Beirut: Syria`s foreign minister laid out a hard line, insisting that Bashar Assad will remain Syria`s president at least until elections in 2014 and might run for another term, conditions that will make it difficult for Syria`s opposition to agree to UN-sponsored talks on ending Syria`s civil war.
Any deal reached in such talks would have to be put to a referendum, Walid al-Moallem said in a TV interview yesterday, introducing a new condition that could complicate efforts by the US and Russia to bring the two sides together at an international conference in Geneva, possibly next month.
The wide-ranging comments by al-Moallem, a regime stalwart with decades in top positions, reflected a new confidence by Assad`s government, which had seemed near collapse during a rebel offensive last summer but has scored a number of battlefield successes in recent weeks.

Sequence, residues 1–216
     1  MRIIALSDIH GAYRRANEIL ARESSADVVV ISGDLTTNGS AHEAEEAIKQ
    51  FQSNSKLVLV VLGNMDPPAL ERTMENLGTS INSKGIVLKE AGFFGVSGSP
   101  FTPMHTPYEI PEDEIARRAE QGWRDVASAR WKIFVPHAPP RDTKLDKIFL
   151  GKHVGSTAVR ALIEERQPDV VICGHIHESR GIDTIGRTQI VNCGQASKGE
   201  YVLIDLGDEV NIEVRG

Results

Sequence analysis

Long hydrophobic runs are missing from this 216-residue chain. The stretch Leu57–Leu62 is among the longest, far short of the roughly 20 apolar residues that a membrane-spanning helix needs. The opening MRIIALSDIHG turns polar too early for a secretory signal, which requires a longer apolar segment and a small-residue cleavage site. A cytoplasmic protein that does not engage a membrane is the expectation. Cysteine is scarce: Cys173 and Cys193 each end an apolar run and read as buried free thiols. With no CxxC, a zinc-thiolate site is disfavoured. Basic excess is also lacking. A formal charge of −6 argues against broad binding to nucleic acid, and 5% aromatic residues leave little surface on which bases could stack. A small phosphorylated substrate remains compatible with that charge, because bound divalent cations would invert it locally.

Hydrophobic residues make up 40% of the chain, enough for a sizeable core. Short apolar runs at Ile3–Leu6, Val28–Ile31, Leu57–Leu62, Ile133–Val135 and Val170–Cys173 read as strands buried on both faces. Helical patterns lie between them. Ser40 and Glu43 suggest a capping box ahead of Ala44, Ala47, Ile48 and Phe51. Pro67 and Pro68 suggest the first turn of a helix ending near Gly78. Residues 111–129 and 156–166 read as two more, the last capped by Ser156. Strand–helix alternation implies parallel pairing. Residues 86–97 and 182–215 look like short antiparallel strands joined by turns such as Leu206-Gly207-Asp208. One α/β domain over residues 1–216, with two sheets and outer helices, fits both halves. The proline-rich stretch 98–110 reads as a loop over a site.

"Our armed forces have regained the momentum," the foreign minister said. He suggested that the regime is digging in.
Asked by Lebanon`s Al-Mayadeen station when the civil war might end, he said: "That depends on when the patience of those conspiring against Syria will run out."
The uprising against Assad erupted in March 2011, turned into an armed insurgency in response to a harsh regime crackdown and escalated into a civil war.
The fighting has killed more than 70,000 people, uprooted more than 5 million and devastated large areas of the country.
The conflict has taken on strong sectarian overtones — most of the armed rebels are Sunni Muslims, a majority in Syria, while Assad has retained core support among the country`s minorities, including his own Alawite sect, an offshoot of Shiite Islam, along with Christians and Shiite Muslims.
Al-Moallem spoke at a time when Syria`s fractured political opposition was bogged down in internal power struggles.